Pros and cons to signing Cam Newton to contract extension

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Cam Newton has been the Patriots quarterback for less than three months.

Yet, two impressive games into a 1-1 start to his New England career, signing the dynamic playmaker to a contract extension is already a talking point in Patriot Nation.

To be fair, WEEI has played a major role in that discussion.

Former Patriots tight end and Greg Hill Show cohost Jermaine Wiggins has become Newton’s hype man and the guy leading the charge for a new contract for No. 1.

But should Bill Belichick actually be considering a potential extension for Newton – he signed just a one-year deal with the team this summer after sitting on the open market for nearly three months that caps out paying him just more than $7 million if he reaches all his incentives this season – after seeing the former NFL MVP lead his team for just a pair of games to open the 2020 season?

There are obviously pros and cons to a potential extension at this point.

Among the biggest points on the pro side of the ledger would be adding stability and continuity to the most important position in sports. Newton would be committing to the Patriots and vice versa. The future would be set. Decisions and plans can be made at other positions and areas of roster-building knowing that the leader of the offense is entrenched and the style of play for the team would be clear.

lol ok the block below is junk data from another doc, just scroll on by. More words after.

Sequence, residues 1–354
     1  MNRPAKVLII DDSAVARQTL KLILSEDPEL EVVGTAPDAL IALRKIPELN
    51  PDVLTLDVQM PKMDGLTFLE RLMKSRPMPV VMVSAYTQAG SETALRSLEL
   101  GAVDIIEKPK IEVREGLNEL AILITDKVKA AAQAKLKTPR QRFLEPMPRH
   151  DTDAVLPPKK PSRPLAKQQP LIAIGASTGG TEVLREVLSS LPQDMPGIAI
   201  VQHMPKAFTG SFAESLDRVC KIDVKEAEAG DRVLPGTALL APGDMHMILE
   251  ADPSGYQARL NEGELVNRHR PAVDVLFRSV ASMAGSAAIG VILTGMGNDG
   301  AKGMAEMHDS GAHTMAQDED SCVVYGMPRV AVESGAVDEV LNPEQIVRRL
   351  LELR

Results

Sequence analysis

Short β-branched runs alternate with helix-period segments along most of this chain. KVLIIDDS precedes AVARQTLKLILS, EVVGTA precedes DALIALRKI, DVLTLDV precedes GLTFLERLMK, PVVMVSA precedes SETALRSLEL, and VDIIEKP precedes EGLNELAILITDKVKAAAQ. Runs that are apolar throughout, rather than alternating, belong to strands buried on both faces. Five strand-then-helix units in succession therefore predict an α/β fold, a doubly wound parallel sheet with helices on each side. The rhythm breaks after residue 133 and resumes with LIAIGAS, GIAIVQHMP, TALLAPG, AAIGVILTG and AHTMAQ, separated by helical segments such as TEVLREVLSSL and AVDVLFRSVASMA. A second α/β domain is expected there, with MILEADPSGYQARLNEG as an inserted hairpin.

It would also be financially beneficial on a number of fronts. First, New England could use some of its abundant cap space this season for the extension, limiting/reducing cap numbers moving forward. Second, a player generally can be had for less money the earlier the deal gets done. The longer Newton plays at a high level and the closer he gets to free agency the higher the theoretical price goes.

The cons are even more obvious, though. The first would be that a quarterback who’s dealt with injuries over the last couple seasons could once again get hurt after the extension is signed and that could very much alter the view/value of the deal. Two games proves nothing, really, either in terms of performance or health. The risk of rushing into a deal is clear.

There is also really no need to rush into a contract extension with Newton given that the team could always utilize the franchise tag to keep him from the true freedom of the open market next spring. In that way, Belichick has a pretty valuable safety net to work with. Let Newton play out the season, prove he’s healthy and still capable of a full 16 games at a high level and then deal with the deal after the season. Given the franchise tag option – which may not actually be ideal to the player or the team – there is limited pressure or risk.

Should the Patriots play it slow and let things play out this season with Newton? Or should Belichick – who’s seemingly liked everything he’s gotten from Newton on and off the field to date – open up discussions on an extension sooner rather than later?